Understanding “IMCCs”: Compensation and Closure in the Formation and Function of International Mass Claims Commissions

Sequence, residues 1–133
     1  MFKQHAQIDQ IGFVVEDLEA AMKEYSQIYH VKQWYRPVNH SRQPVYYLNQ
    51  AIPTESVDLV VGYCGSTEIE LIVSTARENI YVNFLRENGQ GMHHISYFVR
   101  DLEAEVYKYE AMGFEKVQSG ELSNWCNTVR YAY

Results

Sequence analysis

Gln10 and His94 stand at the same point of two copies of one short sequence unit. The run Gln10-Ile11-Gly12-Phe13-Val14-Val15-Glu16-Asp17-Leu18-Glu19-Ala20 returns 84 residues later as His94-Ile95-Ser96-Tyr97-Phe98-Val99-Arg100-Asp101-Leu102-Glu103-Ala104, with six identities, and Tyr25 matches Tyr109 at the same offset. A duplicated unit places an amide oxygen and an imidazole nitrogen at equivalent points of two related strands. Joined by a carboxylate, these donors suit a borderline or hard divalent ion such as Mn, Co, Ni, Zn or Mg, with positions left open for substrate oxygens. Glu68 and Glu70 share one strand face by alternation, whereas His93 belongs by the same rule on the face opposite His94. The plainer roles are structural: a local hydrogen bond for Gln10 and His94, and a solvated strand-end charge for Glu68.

International mass claims commissions ("IMCCs"), a relatively recent phenomenon, test the effective limits of international adjudication. They are large, administratively unwieldy, expensive to operate, and tasked with assignments that are extraordinarily difficult to carry out with any hope of accuracy. How successful they are--and what they are successful at--is still an open question. As ad hoc tribunals, IMCCs are simultaneously established by the parties and also dependent on the international community for support. While formation of such commissions seems motivated most immediately by claimants' private interest in compensation, IMCCs' functioning cannot be appreciated without reference to three additional interests of the community as a whole: deterrence, retribution, and closure. Out of these interests, the most important are likely to be compensation and closure; unfortunately, the two are often in tension with one another. This tension is illustrated by a comparison of the enforcement of three different IMCCs' awards. The Iran-U.S. Claims Tribunal (IUSCT), the United Nations Compensation Commission (UNCC), and the Eritrea-Ethiopia Claims Commission (EECC) have all been justly congratulated for resolving large numbers of legal claims under difficult circumstances. In one notable respect, however, the first two IMCCs were successful and the third was not: in the IUSCT and UNCC, compensation was ultimately received by the injured parties; at the EECC, the awards were never paid. The reasons relate to differences in the way that the instruments creating the three IMCCs were drafted. Reading between the lines, the expectations of the relevant parties--that is, the defendant States as well as the injured individuals--were very different. The IUSCT and UNCC were set up in ways that ensured payment to the injured parties; the EECC was set up in a way that made such individualized payment nearly impossible. This result is puzzling. In one case (the EECC), the parties--with the active involvement of the international community--apparently dedicated years of effort and millions of dollars to establish an adjudicative body that, after determining certain claims to be meritorious, actually left those claimants worse off than if there had been no commission at all. Moreover, the international actors that had deeply urged adjudication on the parties did not, in practice, seem to care whether the awards would ever be paid. In retrospect, however, this result seems to have been perfectly predictable. The explanation is that compensation, paradoxically, may not be the only reason--or, for some actors, the strongest reason--for establishing a mass claims commission; the more salient purpose, from the point of view of the international community, is likely to be closure.